With the softening in Sydney home auction clearances rates in recent weeks and the surprise decision by Westpac to raise mortgage interest rates by 0.2%, there is growing concern about the outlook for property prices. This note considers the fundamentals for the Sydney market – the current bellwether market – in particular.
High house prices reflect low interest rates
A lot of ink has been spilt over the rise (and further rise) of Sydney property prices in recent years. Some suggest the rise in prices reflects strong Chinese buying and the “internationalisation” of the Sydney market. Others suggest it’s a dangerous bubble and note the house price-to-household income ratio is well above long-run average levels.
The following chart puts the Sydney market in perspective. As seen, the Sydney house price to household income ratio* was 7.3 in the June quarter, which is above its average of 5.7 since March 2004 and its previous peak of 6.7 in the December quarter 2003. That said, at only 4.6%p.a., it’s also apparent that mortgage rates are also well below their average since March 2004 of 6.5%p.a.. Allowing for interest rates, the percent of average after tax income required to pay a mortgage on the median-priced home (assuming a deposit of 20%) was 40% in the June quarter, or only slightly above its average since March 2004 of 37%. In other words, virtually all of the increase in prices relative to income in recent years can be explained by the decline in interest rates.
Rightly or wrongly, households respond to lower interest rates – and the implied increase in mortgage affordability – by increasing the amount they are prepared to pay for a home.
Little sign yet of widespread oversupply
Associated with the rise in Sydney property prices has been a rise in housing construction – particularly for high rise apartments. Some suggest this could cause a property glut. At this stage at least, however, the facts don’t support this view. As seen in the chart below, the rise in dwelling unit construction growth has also coincided with an acceleration in NSW’s population growth. Over recent years, it remains the case that annual NSW population growth has exceeded that of dwelling unit growth – as evident from a continued rise in the average number of residents per dwelling unit.
Of course, this analysis does not preclude the possibility that some pockets of the NSW market could well experience oversupply conditions. But across the States as a whole, evidence of excessive home building is far less apparent.
Rising interest rates – the biggest long-term threat
While Sydney property prices don’t appear overvalued given today’s low level of interest rates, they do however appear overvalued based on likely long-run average mortgage rate. If mortgage rates were at their average of 6.5%p.a., for example, the Sydney mortgage repayment ratio would be 48% – even higher than previous peaks over the past decade or so. For the repayment ratio to be at its longer-run average of 37%, the median Sydney house price would need to be $672,000, or 22% lower than the June quarter level.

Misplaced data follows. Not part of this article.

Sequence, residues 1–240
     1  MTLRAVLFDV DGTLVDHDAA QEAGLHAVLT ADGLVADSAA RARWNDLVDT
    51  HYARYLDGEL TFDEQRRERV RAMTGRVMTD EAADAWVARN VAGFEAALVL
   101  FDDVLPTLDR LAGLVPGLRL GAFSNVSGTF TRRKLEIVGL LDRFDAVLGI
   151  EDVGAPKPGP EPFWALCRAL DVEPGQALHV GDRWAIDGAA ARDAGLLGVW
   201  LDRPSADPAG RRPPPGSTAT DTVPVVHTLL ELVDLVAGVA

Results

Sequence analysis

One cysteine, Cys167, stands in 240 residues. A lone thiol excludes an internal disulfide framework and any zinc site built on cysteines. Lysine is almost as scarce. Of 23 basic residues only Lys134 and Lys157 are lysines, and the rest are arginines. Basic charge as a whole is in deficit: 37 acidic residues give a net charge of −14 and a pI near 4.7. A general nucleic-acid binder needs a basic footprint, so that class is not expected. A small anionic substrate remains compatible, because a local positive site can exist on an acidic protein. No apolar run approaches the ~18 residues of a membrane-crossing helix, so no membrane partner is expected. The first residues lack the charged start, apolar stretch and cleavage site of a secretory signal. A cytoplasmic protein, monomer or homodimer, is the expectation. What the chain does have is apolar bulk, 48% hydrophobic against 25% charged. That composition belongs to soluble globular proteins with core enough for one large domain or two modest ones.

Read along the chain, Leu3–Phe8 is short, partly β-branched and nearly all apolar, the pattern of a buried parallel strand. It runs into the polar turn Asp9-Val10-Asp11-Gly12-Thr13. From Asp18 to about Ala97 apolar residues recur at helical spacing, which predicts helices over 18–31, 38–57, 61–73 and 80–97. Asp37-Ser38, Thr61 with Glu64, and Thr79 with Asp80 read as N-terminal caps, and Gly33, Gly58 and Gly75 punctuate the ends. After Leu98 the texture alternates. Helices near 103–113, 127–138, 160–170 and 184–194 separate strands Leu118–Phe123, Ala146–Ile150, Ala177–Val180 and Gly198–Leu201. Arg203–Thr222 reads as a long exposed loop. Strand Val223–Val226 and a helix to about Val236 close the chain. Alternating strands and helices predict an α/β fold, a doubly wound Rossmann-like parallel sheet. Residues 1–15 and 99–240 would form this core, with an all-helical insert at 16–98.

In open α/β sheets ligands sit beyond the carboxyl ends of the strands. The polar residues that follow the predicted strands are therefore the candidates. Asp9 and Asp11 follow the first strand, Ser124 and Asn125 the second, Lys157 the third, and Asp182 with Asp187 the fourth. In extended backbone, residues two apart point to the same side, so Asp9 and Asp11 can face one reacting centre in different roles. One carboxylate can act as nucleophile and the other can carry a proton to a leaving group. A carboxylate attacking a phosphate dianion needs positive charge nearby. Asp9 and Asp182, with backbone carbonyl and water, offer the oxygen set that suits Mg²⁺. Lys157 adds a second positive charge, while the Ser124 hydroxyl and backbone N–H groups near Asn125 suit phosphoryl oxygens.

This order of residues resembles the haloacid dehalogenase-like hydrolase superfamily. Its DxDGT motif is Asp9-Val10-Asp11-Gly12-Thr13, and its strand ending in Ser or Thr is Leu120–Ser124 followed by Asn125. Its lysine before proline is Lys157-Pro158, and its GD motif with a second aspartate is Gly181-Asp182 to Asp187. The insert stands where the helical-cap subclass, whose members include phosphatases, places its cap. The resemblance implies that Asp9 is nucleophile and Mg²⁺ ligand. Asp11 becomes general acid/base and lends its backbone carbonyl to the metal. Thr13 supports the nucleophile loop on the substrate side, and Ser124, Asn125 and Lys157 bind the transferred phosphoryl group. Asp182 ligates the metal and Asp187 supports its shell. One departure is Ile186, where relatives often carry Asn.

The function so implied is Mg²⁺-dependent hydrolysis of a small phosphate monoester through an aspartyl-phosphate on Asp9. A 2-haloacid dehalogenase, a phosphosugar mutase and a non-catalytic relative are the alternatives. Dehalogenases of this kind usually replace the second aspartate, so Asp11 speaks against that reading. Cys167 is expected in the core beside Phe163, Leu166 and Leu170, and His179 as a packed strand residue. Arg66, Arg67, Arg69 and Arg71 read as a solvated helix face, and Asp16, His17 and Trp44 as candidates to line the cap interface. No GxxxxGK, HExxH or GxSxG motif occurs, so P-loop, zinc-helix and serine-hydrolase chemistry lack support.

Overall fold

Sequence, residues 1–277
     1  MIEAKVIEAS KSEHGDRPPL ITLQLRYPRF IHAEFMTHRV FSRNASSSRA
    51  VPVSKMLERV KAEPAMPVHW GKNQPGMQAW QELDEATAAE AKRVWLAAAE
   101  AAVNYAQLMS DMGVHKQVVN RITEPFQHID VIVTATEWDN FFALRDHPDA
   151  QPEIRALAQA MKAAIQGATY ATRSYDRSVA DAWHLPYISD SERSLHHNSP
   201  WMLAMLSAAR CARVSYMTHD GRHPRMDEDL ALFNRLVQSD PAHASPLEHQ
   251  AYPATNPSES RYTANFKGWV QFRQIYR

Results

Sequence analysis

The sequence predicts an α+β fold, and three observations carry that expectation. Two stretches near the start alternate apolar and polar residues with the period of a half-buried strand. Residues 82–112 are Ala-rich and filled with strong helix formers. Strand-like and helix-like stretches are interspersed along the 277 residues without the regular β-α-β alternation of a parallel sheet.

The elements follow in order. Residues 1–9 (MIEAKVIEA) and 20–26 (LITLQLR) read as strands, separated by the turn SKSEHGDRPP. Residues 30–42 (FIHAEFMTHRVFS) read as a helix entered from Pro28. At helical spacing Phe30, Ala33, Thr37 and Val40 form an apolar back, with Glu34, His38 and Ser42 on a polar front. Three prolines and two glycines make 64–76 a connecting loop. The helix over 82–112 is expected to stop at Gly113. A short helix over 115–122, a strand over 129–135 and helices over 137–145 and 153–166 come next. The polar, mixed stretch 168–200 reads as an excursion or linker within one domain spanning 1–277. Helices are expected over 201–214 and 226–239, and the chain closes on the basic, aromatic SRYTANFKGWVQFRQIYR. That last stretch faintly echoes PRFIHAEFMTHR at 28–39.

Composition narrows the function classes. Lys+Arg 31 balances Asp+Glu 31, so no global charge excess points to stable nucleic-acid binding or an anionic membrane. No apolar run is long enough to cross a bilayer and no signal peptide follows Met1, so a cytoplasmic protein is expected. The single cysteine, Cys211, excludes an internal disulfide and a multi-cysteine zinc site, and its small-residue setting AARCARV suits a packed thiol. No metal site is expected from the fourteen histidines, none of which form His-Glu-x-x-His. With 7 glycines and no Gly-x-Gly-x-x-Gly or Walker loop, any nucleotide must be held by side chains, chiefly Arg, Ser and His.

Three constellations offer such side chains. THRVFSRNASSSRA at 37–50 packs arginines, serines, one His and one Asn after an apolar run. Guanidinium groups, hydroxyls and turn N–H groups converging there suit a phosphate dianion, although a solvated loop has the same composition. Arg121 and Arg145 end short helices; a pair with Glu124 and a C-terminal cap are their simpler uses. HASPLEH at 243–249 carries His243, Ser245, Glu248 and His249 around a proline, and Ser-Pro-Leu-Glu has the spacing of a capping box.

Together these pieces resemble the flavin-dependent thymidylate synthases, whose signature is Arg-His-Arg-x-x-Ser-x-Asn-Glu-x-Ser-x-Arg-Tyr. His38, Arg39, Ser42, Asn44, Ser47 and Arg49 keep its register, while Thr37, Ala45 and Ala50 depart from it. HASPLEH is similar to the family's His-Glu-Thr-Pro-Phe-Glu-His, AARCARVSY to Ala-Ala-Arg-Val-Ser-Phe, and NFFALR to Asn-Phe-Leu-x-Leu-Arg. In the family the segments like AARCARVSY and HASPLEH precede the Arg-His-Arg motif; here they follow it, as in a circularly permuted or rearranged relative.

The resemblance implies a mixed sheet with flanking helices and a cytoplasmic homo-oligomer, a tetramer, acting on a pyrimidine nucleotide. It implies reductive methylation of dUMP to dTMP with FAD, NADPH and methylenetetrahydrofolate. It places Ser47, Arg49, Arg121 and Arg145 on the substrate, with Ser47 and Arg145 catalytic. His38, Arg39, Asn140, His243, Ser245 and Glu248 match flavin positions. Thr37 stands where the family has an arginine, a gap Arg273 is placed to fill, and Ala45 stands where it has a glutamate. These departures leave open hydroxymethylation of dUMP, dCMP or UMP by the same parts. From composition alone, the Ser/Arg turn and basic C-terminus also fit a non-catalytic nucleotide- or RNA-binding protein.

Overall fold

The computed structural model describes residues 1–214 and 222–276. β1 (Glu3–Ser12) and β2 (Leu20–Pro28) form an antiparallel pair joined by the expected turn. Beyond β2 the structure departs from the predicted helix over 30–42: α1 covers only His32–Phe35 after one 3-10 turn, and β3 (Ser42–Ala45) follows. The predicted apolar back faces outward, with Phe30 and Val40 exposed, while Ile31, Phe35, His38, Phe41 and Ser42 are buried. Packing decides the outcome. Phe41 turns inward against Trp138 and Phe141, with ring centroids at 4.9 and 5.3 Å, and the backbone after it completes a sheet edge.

While this presents a major challenge for the Sydney market going forward, it is not unprecedented. So will this apparent over valuation be resolved?
As seen in the chart below, one obvious way would be via nominal price declines as and when interest rates rise. As evident, nominal house price declines are by no means unusual for the Sydney market over recent years – with three corrections over the past decade or so, which each time tended to be associated with rising interest rates. In each case, however, the peak to trough in house prices has been less than 10% – no doubt helped by the fact the overall economy has remained relatively strong. Indeed, the RBA is unlikely to consider raising interest rates until such time as the economy is strong enough to bear it.
The other way Sydney’s “over valuation” could be resolved is through a period in which growth in household incomes outpace property prices for a time. For example, if NSW household incomes grow by 3% pa over the next decade, and mortgage rates rise to 6.5%, then house prices could still crawl ahead by 0.4%pa over this period and still leave the mortgage repayment ratio at its long-run average of 37%.
This analysis suggests that while Sydney property prices are not unreasonably high given the low level of interest rates, they are up to 30% overvalued relative to long-run “neutral” interest rates. This overvaluation will likely be corrected through a nominal house price correction when interest rates eventually rise, and under performance relative to household incomes over coming years.
Importantly, however, barring a large rise in interest rates and/or unemployment – which are unlikely to happen at the same time – Sydney house prices need not “crash.”
*Median (unstratified) house price as estimated by the Australian Bureau of Statistics (ABS) in its quarterly Residential Property Price Index publication. The ABS estimates a median Sydney house price of $871,000 in the June quarter 2015. Household income is estimated as NSW after-tax income for male and female both working full time and average full-time earnings as estimated by the ABS. Our calculations suggest NSW after-tax average household income in the June quarter on this basis was $119,000. The mortgage interest rate is the average discounted bank variable mortgage interest rate as calculated by the Reserve Bank of Australia.